Department of Information Technology

Improving Processor Efficiency by Statically Pipelining Instructions

Speaker

David Whalley E.P. Miles Professor, Florida State University

Date and Time

Monday, May 20th, 2013 at 11:15.

Location

Polacksbacken, room 1212

Abstract

A new generation of applications requires reduced power consumption without sacrificing performance. Instruction pipelining is commonly used to meet application performance requirements, but some implementation aspects of pipelining are inefficient with respect to energy usage. We propose static pipelining as a new instruction set architecture to enable more efficient instruction flow through the pipeline, which is accomplished by exposing the pipeline structure to the compiler. While this approach simplifies hardware pipeline requirements, significant modifications to the compiler are required. We describe the code generation and compiler optimizations we implemented to exploit the features of this architecture. We show that we can achieve performance and code size improvements despite a very low-level instruction representation. We also demonstrate that static pipelining of instructions reduces energy usage by simplifying hardware, avoiding many unnecessary operations, and allowing the compiler to perform optimizations that are not possible on traditional architectures.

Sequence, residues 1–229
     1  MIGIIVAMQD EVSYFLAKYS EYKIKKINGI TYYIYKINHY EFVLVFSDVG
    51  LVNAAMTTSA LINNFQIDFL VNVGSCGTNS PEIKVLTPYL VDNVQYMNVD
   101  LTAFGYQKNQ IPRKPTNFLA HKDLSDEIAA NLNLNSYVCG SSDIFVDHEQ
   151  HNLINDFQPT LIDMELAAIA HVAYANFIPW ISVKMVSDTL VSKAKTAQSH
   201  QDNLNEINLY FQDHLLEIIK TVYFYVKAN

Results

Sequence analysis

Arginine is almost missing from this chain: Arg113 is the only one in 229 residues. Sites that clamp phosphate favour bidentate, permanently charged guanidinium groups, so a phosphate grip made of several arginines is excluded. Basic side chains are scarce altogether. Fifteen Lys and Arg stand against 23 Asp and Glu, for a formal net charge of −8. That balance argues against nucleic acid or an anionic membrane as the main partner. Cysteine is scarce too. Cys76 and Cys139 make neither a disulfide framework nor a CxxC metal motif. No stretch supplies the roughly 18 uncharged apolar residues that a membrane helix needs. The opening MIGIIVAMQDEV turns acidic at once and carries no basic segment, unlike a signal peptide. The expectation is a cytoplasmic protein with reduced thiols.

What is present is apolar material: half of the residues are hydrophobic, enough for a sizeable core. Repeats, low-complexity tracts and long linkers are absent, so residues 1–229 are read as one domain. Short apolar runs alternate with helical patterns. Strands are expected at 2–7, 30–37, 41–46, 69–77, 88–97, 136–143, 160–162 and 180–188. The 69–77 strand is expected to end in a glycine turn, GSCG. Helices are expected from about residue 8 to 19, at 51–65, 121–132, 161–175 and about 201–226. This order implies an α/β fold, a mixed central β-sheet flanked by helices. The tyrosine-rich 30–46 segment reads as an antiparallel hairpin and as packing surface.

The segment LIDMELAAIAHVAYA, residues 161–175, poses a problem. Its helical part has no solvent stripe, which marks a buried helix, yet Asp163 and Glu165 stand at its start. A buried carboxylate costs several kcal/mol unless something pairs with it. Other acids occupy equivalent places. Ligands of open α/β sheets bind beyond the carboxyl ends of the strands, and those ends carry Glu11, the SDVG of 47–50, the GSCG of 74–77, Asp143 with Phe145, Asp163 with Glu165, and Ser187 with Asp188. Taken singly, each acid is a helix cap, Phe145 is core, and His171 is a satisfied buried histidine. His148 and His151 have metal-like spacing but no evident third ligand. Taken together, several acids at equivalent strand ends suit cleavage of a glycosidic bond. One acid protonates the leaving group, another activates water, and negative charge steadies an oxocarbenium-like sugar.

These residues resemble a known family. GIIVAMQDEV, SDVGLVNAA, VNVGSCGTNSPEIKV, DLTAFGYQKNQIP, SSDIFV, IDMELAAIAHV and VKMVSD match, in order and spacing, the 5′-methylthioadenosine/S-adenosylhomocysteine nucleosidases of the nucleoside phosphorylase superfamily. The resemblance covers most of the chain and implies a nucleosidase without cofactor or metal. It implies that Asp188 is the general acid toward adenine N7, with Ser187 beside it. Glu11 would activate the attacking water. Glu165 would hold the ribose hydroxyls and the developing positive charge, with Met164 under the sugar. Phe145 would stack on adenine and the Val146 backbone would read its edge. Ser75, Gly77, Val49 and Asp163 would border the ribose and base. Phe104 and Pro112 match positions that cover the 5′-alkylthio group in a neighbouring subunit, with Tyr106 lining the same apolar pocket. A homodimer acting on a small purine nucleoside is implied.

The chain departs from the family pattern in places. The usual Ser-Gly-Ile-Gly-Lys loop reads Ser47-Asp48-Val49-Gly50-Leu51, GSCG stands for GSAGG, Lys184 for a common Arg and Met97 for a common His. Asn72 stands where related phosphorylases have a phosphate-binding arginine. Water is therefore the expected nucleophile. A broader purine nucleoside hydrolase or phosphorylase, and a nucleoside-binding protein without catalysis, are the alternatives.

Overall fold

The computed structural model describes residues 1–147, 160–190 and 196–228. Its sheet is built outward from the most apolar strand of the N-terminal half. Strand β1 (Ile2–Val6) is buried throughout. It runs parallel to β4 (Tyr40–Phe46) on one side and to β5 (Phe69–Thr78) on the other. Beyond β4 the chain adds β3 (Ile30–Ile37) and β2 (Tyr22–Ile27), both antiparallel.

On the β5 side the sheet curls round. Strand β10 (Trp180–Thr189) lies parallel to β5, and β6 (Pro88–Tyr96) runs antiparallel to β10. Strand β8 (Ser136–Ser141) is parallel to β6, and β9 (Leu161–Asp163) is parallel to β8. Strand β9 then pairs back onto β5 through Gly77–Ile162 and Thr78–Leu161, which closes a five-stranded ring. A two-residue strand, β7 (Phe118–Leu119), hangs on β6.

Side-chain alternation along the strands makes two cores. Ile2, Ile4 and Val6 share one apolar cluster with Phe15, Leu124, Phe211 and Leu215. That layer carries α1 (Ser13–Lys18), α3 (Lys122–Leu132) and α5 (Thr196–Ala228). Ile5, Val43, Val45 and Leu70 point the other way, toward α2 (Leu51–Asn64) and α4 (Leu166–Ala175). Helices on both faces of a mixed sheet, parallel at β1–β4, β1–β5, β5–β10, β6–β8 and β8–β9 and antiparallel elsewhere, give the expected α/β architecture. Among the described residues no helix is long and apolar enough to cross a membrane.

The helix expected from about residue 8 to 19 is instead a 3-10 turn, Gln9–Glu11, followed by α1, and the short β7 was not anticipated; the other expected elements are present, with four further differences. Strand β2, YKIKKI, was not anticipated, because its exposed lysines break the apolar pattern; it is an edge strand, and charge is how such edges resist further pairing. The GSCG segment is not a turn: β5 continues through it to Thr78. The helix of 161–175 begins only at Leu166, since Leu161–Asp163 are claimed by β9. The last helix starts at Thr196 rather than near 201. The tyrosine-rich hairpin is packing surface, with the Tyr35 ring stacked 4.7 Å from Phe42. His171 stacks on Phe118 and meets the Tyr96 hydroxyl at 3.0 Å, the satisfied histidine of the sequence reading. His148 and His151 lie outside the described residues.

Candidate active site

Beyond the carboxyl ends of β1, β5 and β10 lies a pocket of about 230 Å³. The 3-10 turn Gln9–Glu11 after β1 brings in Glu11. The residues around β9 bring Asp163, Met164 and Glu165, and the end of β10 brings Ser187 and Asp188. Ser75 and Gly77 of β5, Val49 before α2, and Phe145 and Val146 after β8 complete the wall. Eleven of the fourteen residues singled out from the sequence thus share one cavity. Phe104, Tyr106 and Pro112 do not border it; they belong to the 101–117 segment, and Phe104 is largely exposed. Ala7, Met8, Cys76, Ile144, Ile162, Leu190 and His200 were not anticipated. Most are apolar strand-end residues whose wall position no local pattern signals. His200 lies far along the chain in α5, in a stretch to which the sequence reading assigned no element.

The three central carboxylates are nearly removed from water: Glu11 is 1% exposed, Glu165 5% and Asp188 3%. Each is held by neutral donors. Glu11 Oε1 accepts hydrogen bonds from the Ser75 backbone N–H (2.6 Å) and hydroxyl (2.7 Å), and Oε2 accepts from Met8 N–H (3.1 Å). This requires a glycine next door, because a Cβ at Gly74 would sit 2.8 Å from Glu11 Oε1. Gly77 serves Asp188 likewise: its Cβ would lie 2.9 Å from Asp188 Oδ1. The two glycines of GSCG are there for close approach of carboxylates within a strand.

About the speaker

David Whalley received his PhD in CS from the University of Virginia in 1990. He is the E.P. Miles professor in the Computer Science Department at Florida State University (FSU), an FSU Distinguished Research Professor, a Distinguished Member of the ACM, and an affiliated professor in the Computer Science & Engineering Department at Chalmers University of Technology.
His research interests include low-level compiler optimizations, tools for supporting the development and maintenance of compilers, program performance evaluation tools, predicting execution time, computer architecture, and embedded systems. More information about his background and research can be found on his homepage.

Updated  2013-05-14 14:33:35 by Frédéric Haziza.